On May 1st, Lux had his second outburst, the first being when his family called 911 on him. Since I’d met him a month before, I was silently but condescendingly laughing at the original event, thinking his people had overreacted, that they just weren’t as cat-savvy as me. As time wore on, it had seemed more and more likely that the outburst had been wildly blown out of proportion – after all, the baby pulled Lux’s tail. We all knew that babies shouldn’t be left alone with cats for that very reason.
I was arrogant. I admit it. I paid for my shortsightedness.
Though Lux didn’t attack during the brushing incident, everything about his stance was fearsome. In all my cat experience, I’d never seen anything like it, and I’ve seen a lot of cats: Feral cats; fraidy-cats; angry cats; cornered cats; injured cats; and starving cats, fighting for scraps. Lux’s outburst was not like any of them.
With shaking hands, I called Jackson’s producer, the OHS media person, and my husband. Lux’s howls had cut off and now there was only silence from his room. As I sat on my couch, cold fear pressing at my heart, I knew this was a pivotal event; that nothing would be the same.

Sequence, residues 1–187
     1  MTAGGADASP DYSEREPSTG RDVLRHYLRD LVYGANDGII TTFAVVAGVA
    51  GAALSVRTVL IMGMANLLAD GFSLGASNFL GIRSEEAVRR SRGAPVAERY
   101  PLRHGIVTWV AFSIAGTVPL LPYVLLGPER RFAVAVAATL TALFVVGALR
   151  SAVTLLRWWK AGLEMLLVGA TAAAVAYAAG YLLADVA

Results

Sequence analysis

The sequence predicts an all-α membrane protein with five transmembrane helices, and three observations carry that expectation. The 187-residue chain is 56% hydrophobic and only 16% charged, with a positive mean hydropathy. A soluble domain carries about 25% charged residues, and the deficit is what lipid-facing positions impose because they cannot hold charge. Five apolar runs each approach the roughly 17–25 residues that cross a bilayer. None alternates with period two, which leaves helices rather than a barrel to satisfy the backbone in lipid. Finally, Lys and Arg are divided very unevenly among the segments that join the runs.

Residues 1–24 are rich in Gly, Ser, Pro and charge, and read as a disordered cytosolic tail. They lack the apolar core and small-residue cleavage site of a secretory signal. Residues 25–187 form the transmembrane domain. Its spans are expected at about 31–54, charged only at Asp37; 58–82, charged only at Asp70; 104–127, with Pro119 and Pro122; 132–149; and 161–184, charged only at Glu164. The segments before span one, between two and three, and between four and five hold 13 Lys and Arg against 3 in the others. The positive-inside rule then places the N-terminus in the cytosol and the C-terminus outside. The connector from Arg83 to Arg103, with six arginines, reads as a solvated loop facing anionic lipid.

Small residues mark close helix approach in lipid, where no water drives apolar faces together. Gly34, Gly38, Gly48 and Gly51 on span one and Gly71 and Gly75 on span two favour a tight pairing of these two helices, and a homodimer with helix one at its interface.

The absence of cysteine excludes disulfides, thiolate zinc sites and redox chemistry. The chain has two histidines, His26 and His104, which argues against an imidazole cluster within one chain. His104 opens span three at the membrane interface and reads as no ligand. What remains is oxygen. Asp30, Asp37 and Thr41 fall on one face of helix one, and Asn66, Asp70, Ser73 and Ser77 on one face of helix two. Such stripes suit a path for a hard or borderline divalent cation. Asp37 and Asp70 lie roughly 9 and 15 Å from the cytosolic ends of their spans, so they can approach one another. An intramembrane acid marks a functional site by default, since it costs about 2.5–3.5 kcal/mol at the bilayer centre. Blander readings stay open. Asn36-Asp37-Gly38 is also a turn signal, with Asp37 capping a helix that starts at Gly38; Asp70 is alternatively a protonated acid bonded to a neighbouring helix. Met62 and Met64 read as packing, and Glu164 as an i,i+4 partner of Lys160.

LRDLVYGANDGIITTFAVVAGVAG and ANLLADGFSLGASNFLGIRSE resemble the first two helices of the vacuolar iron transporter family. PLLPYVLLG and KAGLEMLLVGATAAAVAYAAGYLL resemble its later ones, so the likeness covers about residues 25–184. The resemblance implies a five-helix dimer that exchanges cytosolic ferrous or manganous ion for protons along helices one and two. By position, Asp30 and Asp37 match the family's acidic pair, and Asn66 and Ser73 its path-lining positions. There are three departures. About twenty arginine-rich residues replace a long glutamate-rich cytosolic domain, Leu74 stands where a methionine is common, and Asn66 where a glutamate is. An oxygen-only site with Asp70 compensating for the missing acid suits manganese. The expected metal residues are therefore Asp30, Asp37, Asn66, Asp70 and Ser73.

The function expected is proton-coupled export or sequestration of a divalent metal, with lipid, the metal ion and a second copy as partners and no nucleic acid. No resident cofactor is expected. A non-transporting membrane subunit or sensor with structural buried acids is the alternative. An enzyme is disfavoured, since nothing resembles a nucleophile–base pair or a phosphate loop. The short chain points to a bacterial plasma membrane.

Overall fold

Jackson got back to me immediately, wonderfully compassionate and sad that this had happened. He never once questioned my cat-handling ability and for that, I was thankful. I personally felt like the hugest failure on earth. What had I done wrong? I kept going over those moments preceding the outburst: Had I done something to precipitate it? I continued to come up with the same answer: No.
Jackson gave some instructions on what to do next, and when Jim came home, we went to visit our boy. He was still anxious and aloof but no longer vocal. We spent some time with him but he seemed to be in his own world. After a while, his anxiety began to mount. We fed him, made sure he had water and toys, and left him to it, hoping that the night would calm him.